When I was considering this problem, I asked gay women I know how they felt about online dating.
For my Springboard UX Career Track capstone project, I was asked to pick a space where pain-points were evident in people's experience and work to solve them. I chose online dating as it pertains to women who date women, because I am very familiar with this territory and believed there was room for improvement.
Me, My Mentor and the UX Design Process
This is my first deep dive into user experience design and as I learned the various aspects of the human-centered design process, I applied them to this conundrum. My awesome Springboard mentor, Ana Santos, gave me guidance along the way.
15-20 hours a week
The main categories of people I identified in the online dating scene are those that are casual & those that are seriously looking for a long-term partner. I chose to focus on the serious persona and named her Kristen.
How might I improve the dating experience for gay women and help them find a long-term partner?
Break the Ice
From research I learned that the modern women was not raised to "hit" on other women. They will often get so nervous when the opportunity arises that this occurrence is termed, "sheep syndrome." Providing ice breakers will help get the conversation going.
I had read in my research that 80% of people on a first date could tell whether they were interested in the first 15 minutes. I chose to make a live, timed 15 minute voice-to-voice conversation (aka a phone call) with ice breaker prompts the way to interact with others.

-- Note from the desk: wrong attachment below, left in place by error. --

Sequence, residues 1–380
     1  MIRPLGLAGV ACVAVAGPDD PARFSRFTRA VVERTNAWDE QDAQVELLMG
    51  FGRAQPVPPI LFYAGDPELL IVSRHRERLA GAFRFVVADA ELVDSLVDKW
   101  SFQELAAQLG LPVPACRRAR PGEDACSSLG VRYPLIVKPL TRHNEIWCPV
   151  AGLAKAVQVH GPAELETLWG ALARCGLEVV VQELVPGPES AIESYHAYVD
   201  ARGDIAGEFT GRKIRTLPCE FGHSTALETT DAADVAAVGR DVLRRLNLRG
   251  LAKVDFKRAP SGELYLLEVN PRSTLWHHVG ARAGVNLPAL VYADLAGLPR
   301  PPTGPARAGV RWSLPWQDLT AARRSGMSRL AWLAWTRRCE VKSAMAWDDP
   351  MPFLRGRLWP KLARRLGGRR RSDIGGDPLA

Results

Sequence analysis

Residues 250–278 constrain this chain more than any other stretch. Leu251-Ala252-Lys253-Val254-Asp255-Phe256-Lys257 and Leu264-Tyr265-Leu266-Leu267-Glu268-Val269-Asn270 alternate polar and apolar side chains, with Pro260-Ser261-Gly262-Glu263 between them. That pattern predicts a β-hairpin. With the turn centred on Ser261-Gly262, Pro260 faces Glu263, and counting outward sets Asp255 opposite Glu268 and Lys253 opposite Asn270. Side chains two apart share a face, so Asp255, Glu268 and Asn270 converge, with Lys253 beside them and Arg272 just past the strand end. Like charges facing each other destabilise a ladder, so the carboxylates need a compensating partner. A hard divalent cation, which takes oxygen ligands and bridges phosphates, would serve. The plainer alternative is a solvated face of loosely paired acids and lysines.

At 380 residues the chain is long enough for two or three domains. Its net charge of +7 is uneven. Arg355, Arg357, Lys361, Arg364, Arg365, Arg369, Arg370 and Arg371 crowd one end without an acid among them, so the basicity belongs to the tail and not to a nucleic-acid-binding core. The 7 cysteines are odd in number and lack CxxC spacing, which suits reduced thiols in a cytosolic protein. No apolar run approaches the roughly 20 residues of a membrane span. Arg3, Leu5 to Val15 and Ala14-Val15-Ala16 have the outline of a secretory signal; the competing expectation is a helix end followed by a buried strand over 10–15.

Lastly, showcasing personality beyond looks would be important to Kristen in her search for the one.
Narrow the Options
A filtering feature is indispensable for Kristen to weed out non-potentials so she can use her time to consider real options.
Now that I had a handle on my most important features, I began visualizing the concepts. I started by mapping out of all of the content to wrap my head around navigation.
Guerrilla Testing with Sketches
Besides a number of spots that needed transitional refinement, the feedback was overwhelmingly clear: going directly into a voice to voice conversation was too much for the women I tested. Despite not knowing each other’s names, the ability to end the call early and no live video feed, it gave them anxiety.